In a perfect world, editing and writing would go hand-in-hand. But, the world is not perfect, and while some are strong writers, they abhor editing. Don’t worry, I understand. Editing is a pain. It means rehashing words that you have already written, and looking at passages that you wrote and wondering what you were thinking.
It’s a long process that can take multiple passes before even being ready to be passed off to an editor, whether professional or not.
But there are some tricks that you, as a writer, can use to clean up your first draft, making it easier for both yourself and someone else to go through. Wondering what they may be? Follow along below.
Make a number rule. What is a number rule? It’s when you decide which numbers you will spell out, and which you will write as numbers. For example, 1-10 then eleven and up. Or, 1-99 and one hundred and up. Be consistent about your choices and remember to make exceptions such as for years (1977).
Pick a side in the Oxford comma debate. To use them or not to use them, that is the question. Pick whichever you prefer and stick with it.
Watch your spellings. Are you using American, Canadian, or UK English? It’s the hardest for Canadians, since we use a mixture of the other two, and deem variations to be acceptable.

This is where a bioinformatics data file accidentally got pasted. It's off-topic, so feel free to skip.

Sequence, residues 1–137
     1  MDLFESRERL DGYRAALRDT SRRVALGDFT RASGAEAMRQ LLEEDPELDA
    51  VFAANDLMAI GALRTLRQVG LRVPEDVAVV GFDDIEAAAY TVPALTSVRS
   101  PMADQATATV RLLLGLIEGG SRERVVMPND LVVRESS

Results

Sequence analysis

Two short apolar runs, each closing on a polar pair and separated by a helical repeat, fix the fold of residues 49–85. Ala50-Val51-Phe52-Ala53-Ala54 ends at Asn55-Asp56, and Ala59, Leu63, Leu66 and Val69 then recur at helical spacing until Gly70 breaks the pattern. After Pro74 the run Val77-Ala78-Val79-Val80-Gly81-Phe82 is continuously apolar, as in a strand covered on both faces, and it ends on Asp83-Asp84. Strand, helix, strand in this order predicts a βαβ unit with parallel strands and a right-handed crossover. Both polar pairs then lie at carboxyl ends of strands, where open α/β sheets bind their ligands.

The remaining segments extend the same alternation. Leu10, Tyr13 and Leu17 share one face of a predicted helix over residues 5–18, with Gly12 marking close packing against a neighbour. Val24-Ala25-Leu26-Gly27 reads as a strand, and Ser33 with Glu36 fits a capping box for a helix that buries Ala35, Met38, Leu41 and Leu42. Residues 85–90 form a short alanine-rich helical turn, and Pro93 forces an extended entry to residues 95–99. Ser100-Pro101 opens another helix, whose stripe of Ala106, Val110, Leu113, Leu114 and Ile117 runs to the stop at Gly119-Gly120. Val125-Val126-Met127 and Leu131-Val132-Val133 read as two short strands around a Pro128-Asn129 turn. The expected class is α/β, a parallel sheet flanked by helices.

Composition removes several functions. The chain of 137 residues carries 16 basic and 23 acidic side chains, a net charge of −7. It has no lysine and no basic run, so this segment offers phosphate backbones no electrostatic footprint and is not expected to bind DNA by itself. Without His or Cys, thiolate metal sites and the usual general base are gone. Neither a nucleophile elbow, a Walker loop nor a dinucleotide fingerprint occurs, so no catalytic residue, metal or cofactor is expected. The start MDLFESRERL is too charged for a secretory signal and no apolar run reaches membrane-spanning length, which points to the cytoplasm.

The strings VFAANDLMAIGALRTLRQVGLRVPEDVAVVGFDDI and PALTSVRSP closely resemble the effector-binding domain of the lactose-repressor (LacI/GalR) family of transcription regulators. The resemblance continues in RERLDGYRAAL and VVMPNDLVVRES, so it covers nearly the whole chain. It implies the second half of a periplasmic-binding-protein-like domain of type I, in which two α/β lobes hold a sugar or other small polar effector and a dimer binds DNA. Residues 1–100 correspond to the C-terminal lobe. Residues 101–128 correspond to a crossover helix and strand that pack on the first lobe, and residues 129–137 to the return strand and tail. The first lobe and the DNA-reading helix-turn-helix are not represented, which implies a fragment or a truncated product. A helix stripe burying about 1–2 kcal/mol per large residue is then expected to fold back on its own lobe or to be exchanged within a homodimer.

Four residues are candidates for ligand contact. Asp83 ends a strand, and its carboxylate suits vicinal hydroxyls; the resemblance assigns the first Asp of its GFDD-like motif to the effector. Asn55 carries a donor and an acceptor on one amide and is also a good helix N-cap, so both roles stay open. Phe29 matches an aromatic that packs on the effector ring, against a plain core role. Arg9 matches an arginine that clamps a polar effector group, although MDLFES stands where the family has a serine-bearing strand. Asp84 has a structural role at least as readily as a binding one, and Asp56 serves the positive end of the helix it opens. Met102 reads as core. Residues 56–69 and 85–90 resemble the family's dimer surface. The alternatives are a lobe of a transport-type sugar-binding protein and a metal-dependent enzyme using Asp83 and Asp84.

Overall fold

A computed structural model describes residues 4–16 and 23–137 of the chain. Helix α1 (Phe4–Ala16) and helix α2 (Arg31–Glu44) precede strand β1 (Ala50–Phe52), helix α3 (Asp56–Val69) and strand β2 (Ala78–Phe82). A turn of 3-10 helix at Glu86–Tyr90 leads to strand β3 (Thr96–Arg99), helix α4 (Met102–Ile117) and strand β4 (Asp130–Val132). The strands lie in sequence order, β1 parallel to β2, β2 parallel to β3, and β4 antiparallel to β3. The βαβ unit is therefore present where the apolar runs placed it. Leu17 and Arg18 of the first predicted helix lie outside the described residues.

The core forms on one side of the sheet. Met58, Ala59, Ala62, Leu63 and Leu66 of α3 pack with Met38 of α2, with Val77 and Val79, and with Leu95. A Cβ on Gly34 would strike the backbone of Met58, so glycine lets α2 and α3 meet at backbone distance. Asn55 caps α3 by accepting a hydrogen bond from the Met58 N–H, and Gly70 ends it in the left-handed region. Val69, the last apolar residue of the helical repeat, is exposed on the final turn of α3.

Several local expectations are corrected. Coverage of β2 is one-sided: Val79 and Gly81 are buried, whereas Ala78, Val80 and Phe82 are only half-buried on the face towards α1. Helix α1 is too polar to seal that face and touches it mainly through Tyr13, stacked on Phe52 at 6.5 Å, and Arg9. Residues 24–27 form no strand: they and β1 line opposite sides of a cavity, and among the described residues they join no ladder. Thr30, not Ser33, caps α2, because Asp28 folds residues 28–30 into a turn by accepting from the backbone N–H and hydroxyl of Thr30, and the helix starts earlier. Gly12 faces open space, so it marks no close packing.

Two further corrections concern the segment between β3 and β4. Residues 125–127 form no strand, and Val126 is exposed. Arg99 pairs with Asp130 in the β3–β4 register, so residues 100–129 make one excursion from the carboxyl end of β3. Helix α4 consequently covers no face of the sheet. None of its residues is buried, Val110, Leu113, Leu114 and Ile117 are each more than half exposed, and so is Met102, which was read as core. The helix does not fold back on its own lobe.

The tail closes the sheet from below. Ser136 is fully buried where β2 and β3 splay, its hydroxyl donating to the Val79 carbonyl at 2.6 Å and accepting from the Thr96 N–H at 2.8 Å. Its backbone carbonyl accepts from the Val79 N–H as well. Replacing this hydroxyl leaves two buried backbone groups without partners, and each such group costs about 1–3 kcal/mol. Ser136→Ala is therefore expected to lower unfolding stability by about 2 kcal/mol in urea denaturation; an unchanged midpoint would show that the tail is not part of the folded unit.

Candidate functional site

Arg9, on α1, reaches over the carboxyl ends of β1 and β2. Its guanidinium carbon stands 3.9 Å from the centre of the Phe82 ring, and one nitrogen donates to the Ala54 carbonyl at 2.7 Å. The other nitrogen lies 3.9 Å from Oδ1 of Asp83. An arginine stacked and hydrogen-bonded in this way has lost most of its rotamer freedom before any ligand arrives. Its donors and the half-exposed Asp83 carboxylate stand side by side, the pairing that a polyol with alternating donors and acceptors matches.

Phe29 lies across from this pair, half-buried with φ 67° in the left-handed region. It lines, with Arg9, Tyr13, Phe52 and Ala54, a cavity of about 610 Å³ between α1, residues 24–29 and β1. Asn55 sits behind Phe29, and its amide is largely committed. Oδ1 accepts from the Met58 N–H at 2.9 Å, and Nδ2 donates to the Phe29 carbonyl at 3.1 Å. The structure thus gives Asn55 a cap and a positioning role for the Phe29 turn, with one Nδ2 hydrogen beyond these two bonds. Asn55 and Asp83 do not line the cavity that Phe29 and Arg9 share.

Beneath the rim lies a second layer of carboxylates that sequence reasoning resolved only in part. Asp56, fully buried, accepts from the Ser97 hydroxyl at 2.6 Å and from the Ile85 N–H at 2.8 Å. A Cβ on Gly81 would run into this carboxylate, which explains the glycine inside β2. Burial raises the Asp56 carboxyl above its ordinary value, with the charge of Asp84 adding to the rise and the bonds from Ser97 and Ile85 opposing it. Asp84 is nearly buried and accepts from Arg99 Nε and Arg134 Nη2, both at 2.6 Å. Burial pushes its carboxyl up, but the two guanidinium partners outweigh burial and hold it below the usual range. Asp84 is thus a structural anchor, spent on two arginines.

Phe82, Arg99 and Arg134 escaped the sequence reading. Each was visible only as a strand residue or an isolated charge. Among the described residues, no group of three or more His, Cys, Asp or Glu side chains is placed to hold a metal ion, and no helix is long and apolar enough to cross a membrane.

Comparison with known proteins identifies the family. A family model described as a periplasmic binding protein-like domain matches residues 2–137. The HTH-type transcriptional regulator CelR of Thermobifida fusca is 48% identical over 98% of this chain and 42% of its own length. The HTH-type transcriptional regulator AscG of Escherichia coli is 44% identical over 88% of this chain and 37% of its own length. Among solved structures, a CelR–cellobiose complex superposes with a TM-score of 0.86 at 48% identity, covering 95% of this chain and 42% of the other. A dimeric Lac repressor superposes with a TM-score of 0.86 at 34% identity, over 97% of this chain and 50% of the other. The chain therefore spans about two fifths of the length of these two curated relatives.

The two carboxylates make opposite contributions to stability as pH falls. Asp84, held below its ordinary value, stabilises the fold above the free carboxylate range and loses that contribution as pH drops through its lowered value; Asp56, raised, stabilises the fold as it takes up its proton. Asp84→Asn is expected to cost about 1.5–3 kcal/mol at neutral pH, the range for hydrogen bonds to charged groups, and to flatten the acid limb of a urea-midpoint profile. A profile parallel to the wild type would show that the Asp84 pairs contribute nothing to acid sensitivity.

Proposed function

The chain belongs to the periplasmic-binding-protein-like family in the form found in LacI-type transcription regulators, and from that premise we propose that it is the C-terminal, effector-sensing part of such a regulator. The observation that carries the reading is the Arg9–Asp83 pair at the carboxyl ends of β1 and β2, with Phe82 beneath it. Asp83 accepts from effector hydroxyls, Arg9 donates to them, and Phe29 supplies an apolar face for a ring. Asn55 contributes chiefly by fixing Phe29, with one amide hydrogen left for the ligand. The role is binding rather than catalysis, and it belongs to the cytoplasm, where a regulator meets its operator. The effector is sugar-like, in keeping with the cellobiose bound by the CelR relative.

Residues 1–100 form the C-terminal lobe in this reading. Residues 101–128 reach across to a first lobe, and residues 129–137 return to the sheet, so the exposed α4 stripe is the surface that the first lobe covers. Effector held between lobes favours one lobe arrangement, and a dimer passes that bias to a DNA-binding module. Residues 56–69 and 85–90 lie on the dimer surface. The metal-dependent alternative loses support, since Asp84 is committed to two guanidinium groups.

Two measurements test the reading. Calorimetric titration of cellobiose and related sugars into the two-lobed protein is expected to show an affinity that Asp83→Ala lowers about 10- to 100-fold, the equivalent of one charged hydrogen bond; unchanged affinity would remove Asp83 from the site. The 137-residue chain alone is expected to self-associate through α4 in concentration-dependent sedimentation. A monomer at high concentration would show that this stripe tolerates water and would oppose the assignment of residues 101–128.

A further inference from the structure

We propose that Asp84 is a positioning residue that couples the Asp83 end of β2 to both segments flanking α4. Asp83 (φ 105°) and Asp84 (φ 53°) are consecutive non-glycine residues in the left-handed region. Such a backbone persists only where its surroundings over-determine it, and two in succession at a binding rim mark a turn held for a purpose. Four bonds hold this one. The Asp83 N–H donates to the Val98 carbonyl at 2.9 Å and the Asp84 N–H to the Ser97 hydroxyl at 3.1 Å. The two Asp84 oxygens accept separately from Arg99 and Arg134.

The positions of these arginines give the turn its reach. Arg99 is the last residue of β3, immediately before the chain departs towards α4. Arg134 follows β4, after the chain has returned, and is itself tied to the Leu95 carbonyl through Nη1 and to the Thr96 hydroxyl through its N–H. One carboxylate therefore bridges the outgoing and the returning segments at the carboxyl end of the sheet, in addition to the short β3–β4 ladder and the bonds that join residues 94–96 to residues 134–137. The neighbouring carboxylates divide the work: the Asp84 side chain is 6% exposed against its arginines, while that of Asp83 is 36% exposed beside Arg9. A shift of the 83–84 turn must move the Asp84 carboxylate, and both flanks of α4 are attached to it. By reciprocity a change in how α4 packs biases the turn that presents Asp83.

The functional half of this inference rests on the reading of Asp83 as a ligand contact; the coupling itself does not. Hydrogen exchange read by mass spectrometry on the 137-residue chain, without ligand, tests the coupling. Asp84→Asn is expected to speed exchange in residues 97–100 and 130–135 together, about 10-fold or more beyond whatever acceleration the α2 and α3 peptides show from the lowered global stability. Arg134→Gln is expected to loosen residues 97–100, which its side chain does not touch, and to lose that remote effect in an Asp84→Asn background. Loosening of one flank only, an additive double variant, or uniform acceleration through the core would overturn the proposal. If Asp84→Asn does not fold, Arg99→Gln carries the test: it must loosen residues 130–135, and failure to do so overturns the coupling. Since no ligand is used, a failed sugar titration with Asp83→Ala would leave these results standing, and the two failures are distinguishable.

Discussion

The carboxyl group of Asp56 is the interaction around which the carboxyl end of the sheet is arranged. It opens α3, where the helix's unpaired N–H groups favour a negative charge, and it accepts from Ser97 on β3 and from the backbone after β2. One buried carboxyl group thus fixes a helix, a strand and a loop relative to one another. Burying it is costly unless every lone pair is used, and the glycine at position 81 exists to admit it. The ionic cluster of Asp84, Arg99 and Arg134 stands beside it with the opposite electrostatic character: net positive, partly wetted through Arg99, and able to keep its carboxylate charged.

Make notes. If you mention that someone in chapter two has red hair, they better still have red hair (or a backstory) later in the story. Is someone tall, or short, or do they have traits worth mentioning? Keep notes so that your characters and settings make sense throughout.
Research. If you are introducing, for example, an android, into your story, you better make sure that you actually know what that is. Or, if your saying that someone rode a horse from one place to another in so many days, make sure the timeline makes sense. It doesn’t take much to Google a question or two.
Names. If you’re making up names as you go, keep a list of them and their spellings. For example, if you’re naming someone Bartram VanHoutenstein of the Agarentia Valley, are you going to remember exactly how to spell it every time? Or who his brothers or sisters or children are? Maybe not. Make a note of capitalization as well.
Edit like it’s a puzzle. It’s hard to sit down and edit a whole story at once, so break it up into pieces, but don’t forget to keep in mind that you are also editing the story as a whole. You should never edit a chapter at a time and then assume that you are done. Each piece fits into a bigger puzzle.
The above tips are used by professional editors, but combine tricks from both copyediting and fiction editing. What type of editor you choose will affect the type of input you receive at the end, but if you do your best to hand off a clear, clean, and learned manuscript, your editor can focus more on the strengths and weaknesses of your content as a whole instead of becoming distracted by small typos and errors.
Do you use any of these tips? What others would you add?
I’ll be on Facebook until next time.